On sunny days in Harvard Yard, when the light of autumn leaves pop orange, maroon, vibrant yellow, and a fading green, and the tower on Memorial Church reflects bright white back to me, I picture myself in an admissions brochure. Touting an aggressively crimson sweater, I walk slightly stiffly. Around me are piles of dead leaves fallen from shedding male oaks. Posing, I pick up a batch and launch it into the air above me. As the rotting leaves fall around me, I laugh with my chest and smile a little too wide and tilt my head slightly, angling myself for some camera or the people who watch me — a brown face in a sea of white ones.
If all the world’s a stage, Harvard is one too. On my first day here, among other things, I found in my freshman welcome packet some metaphorical script, statements on a “commitment to diversity and inclusion” in pamphlets with people of various shades. Highlighted were the lines I was expected to read out to the world: “Students of color contribute so much to this community …”, “Bridging divides across experiences is vital...”, “There is so much to learn from diversity….” Overwhelmed and confused by its contents and the bustling energy of freshman move-in, I skimmed my lines quickly and threw the script haphazardly onto my dorm room desk, where it would soon get lost amongst syllabi, textbooks, flyers, and the other things I imagined would open new worlds for me.
Within two hours, in conversation with a white entryway-mate who was curious about my thoughts on DuBois’s “Souls of Black Folk,” I heard, in my voice, lines from that fated script. I had barely cracked open our assigned summer reading, let alone developed a cohesive thought on theories of racial uplift, and yet here I was, “speaking as a woman of color….”
The trend continued. I checked privilege, I pushed back, I diversified rooms, and soon into the school year, my vocabulary started and ended on the pages of that script. I fell quickly into the role of Indignant Student Activist, one which I had been assigned by nature of my various identities and the color of my skin, and my existence became, in James Baldwin’s words, one of “bitter railing.”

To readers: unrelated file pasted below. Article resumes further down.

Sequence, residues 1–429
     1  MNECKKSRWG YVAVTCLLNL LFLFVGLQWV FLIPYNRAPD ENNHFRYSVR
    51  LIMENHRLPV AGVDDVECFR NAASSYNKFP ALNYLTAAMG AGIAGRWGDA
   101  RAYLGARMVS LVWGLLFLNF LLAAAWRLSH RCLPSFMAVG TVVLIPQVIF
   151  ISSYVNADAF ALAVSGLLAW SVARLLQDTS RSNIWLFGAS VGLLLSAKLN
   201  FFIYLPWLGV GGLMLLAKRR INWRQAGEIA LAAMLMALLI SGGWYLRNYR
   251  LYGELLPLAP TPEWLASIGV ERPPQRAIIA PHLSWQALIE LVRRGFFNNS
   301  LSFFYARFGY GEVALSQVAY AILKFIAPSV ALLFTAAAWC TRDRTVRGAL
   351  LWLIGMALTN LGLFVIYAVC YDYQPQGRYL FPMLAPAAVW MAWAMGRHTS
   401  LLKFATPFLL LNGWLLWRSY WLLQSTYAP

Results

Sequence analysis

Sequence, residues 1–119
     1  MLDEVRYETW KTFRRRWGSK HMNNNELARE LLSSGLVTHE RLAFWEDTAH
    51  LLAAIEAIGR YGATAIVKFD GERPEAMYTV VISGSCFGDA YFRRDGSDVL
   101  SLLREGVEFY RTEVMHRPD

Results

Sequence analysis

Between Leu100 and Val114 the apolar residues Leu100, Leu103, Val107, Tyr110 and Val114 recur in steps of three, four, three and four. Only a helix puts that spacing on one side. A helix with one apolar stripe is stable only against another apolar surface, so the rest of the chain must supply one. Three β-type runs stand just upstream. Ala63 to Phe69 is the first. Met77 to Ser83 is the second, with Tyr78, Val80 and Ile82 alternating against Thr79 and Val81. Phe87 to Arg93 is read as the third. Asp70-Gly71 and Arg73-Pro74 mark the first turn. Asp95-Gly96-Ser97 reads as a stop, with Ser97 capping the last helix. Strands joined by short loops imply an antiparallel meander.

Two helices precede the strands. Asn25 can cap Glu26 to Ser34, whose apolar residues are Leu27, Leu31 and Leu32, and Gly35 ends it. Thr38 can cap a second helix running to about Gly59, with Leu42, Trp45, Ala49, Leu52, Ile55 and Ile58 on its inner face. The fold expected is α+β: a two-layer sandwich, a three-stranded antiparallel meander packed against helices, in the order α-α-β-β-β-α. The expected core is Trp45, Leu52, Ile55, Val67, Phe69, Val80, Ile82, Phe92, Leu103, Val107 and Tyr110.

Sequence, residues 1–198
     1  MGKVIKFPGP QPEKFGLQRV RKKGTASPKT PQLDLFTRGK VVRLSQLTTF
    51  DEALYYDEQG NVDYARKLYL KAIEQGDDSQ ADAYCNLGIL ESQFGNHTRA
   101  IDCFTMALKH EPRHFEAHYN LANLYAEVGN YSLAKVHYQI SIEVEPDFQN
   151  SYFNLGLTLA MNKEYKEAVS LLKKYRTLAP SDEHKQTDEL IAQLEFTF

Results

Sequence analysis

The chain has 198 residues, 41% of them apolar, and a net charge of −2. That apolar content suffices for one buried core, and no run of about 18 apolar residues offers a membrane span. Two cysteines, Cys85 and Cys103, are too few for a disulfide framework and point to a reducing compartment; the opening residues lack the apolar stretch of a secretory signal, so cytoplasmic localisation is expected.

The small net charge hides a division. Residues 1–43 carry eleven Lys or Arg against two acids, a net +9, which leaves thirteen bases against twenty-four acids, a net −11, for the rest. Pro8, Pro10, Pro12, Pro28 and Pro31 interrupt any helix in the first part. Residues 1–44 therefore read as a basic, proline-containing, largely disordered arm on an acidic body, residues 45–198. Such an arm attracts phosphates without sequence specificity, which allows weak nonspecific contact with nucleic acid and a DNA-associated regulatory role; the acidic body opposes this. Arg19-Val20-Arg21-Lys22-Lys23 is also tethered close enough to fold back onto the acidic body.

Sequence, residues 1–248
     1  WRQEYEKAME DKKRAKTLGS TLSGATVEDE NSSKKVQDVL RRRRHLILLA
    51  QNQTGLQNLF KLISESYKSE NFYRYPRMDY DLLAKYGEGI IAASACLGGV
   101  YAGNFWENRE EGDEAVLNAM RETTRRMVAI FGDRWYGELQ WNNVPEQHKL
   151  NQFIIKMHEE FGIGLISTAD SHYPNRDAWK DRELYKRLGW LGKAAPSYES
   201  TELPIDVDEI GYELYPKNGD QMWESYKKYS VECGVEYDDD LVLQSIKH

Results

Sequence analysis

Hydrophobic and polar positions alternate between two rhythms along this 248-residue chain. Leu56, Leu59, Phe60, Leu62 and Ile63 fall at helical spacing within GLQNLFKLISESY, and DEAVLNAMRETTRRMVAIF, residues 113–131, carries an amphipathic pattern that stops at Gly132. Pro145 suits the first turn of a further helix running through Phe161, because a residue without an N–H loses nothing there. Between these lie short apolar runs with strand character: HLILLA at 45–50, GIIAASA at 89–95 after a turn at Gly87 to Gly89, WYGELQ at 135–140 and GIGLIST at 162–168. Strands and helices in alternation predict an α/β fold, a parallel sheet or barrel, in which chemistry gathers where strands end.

On cloudy days, the illusion fades. The Yard looks more dull now and mud coats the leaves as they fall to the ground. The looming threat of a challenge to Harvard’s admissions practices has sent the people who set this stage into a whirling panic. I watch silently as administrators scramble to protect the sanctity of “diversity,” and the emails that appear in my inbox from the highest offices of this institution sound almost like a competition of who can scream “WE NEED PEOPLE OF COLOR” the loudest. Surveying the chaos that has unfolded, I chuckle and can’t help but wonder what all of this is for. Why are these directors so determined to cast us? What are the meanings of the roles that they want us to fill? And why have we clung to them?
I spent two years at Harvard reading the lines they’d written for me. For two years, my existence in this institution served as a “necessary” and “healthy” challenge. During various meetings with students and College staff, I was asked to push this institution forward, but only as far as their script would allow. White folks asked me constantly to help them empathize with the struggles of students of color: “Show me why I should care! Teach me how to be human!”
I, the Indignant Student Activist, was, as Baldwin writes, as “a mirror of our confusion, dishonesty, panic,” giving white people a space to reflect on the horrid realities of the consequences of their actions and inactions. Interacting with me was a transformative experience transactionalized, and I, in this space, internalized the dehumanization others placed on me, denying my own complexity, my own humanity.
I tried for some time to find my fulfillment in the acts of resisting, but as Baldwin taught me in “Everybody’s Protest Novel,” true liberation cannot come from the formation of an identity in opposition to the systems and structures that limit me. “We take our shape, it is true, within and against that cage of reality bequeathed us at our birth; and yet it is precisely through our dependence on this reality that we are most endlessly betrayed.”
In adhering to my script, I lived in half-truths in order to make my striving for half-victories more efficient; but beneath the words that are given to me lies my frightening truth, which I have subjected to silence because it cannot not fit into their narrative of protest.
These gates have trapped me in their construction. In these confines, I’ve muffled the difficult questions that bring me closer to my complicated human nature: What of my fragile blackness? And my shameful lack of rhythm? And my capacity, or lack thereof, to love? And my experience of faith? And loneliness? And joy?
If our defense of diversity ultimately legitimizes the sentimentalities around race of this stage that we inhabit, I’ll have no part in it. I want to imagine a world beyond this one, where the truths in my body dance effortlessly and I laugh lightly and I speak with integrity to my complexities and, with ease, love the whole of myself — a world in which I am liberated. For “our humanity is our burden, our life; we need not battle for it; we need only do what is infinitely more difficult — that is, accept it.”
Salma Abdelrahman ’20 is a Sociology concentrator in Eliot House. Her column appears on alternate Fridays.